The United States Senate is the upper chamber of the United States Congress, which, along with the United States House of Representatives—the lower chamber—constitutes the legislature of the United States. The Senate chamber is located in the north wing of the Capitol Building in Washington, D.C. The composition and powers of the Senate are established by Article One of the United States Constitution. The Senate is composed of senators, each of whom represents a single state in its entirety. Each state is equally represented by two senators who serve staggered term of six years. There are currently 100 senators representing the 50 states. From 1789 to 1913, senators were appointed by legislatures of the states they represented. They are now elected by popular vote following the ratification of the Seventeenth Amendment in 1913.
The United States House of Representatives is the lower house of the United States Congress, with the Senate being the upper house. Together they compose the national bicameral legislature of the United States. The House's composition is established by Article One of the United States Constitution. The House is composed of representatives who sit in congressional districts allocated to each state on a basis of population as measured by the U.S, Census, with each district having one representative, provided that each state is entitled to at least one. Since its inception in 1789, all representatives have been directly elected. The number of voting representatives is fixed by law at 435. The House is charged with the passage of federal legislation, known as bills, which, after concurrence by the Senate, are sent to the president for consideration. The House also has exclusive powers: it initiates all revenue bills, impeaches federal officers, and elects the president if no candidate receives a majority of votes in the Electoral College. The House meets in the south wing of the United States Capitol.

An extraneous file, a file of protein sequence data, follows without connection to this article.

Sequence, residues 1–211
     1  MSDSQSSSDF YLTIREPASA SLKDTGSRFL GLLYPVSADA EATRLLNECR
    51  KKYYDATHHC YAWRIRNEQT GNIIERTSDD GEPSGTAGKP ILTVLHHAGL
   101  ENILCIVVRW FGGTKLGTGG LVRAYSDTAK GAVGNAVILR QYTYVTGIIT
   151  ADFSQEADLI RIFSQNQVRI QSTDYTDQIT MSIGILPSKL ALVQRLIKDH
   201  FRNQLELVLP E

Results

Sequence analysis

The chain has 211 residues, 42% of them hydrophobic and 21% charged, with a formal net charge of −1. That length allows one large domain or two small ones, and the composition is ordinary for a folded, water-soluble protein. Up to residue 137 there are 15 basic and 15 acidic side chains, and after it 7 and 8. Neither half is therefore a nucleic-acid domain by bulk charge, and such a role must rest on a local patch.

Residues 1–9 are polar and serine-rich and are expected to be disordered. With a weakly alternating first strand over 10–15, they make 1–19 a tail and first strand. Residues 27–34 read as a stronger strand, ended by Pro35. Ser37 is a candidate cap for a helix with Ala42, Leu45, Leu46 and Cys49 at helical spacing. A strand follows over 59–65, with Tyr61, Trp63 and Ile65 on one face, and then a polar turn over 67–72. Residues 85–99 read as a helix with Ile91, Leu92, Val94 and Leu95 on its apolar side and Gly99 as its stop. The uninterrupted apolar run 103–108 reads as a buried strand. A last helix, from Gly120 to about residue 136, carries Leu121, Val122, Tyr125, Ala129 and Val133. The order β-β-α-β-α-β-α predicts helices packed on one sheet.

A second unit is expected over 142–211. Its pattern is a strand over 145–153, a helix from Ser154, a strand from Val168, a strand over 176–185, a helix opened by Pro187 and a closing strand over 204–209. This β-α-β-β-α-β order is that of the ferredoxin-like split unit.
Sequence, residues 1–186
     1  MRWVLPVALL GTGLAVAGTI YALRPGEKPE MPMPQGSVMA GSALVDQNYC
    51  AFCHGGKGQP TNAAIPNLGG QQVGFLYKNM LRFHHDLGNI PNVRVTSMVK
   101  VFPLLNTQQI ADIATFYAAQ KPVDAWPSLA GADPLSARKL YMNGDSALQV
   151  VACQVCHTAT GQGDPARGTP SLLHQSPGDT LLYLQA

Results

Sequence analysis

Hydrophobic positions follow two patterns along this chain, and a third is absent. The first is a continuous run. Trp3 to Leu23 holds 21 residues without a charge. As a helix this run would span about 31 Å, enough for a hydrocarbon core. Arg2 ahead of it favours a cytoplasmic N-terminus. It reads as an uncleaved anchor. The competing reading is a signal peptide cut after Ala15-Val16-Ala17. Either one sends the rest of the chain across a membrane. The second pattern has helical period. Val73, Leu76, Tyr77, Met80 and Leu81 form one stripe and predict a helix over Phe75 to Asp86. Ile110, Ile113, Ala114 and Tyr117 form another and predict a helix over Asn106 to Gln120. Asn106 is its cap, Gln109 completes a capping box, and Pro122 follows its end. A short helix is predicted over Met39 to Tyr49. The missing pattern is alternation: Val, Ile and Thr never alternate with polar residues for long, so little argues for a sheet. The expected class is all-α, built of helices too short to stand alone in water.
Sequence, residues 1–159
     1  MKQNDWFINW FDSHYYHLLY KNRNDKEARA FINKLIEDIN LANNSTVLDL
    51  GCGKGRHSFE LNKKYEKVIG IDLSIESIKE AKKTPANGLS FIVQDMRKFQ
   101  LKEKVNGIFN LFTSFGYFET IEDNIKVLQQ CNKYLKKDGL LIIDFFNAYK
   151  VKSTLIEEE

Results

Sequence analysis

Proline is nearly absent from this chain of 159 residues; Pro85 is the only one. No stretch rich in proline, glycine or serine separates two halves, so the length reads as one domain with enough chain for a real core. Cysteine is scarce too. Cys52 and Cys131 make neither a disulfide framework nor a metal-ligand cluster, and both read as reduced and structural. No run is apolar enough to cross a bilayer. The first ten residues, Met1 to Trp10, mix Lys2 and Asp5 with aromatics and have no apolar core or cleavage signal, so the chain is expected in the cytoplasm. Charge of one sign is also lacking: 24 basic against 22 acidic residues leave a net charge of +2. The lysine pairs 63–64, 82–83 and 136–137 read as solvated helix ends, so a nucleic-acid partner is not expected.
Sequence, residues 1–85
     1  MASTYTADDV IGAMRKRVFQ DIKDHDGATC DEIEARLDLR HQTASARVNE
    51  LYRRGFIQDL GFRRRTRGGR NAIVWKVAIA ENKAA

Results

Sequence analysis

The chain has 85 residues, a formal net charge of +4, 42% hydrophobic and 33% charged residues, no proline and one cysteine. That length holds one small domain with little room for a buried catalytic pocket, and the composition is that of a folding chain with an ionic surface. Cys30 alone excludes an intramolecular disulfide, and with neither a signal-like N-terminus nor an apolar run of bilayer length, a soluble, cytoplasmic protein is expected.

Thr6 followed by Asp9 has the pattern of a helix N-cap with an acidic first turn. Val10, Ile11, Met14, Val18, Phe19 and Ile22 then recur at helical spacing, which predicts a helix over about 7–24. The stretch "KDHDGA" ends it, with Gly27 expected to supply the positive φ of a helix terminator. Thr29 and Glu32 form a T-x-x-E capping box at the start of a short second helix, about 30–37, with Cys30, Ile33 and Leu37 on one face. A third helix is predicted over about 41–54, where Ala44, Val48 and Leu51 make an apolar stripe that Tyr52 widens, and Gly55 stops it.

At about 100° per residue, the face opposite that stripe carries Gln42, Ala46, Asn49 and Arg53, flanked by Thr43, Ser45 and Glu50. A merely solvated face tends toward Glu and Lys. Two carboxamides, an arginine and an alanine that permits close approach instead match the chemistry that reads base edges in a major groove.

Where the Executive and Legislative branches are elected by the people, members of the Judicial Branch are appointed by the President and confirmed by the Senate. Article III of the Constitution, which establishes the Judicial Branch, leaves Congress significant discretion to determine the shape and structure of the federal judiciary. Even the number of Supreme Court Justices is left to Congress — at times there have been as few as six, while the current number (nine, with one Chief Justice and eight Associate Justices) has only been in place since 1869. The Constitution also grants Congress the power to establish courts inferior to the Supreme Court, and to that end Congress has established the United States district courts, which try most federal cases, and 13 United States courts of appeals, which review appealed district court cases. Federal judges can only be removed through impeachment by the House of Representatives and conviction in the Senate. Judges and justices serve no fixed term — they serve until their death, retirement, or conviction by the Senate. By design, this insulates them from the temporary passions of the public, and allows them to apply the law with only justice in mind, and not electoral or political concerns.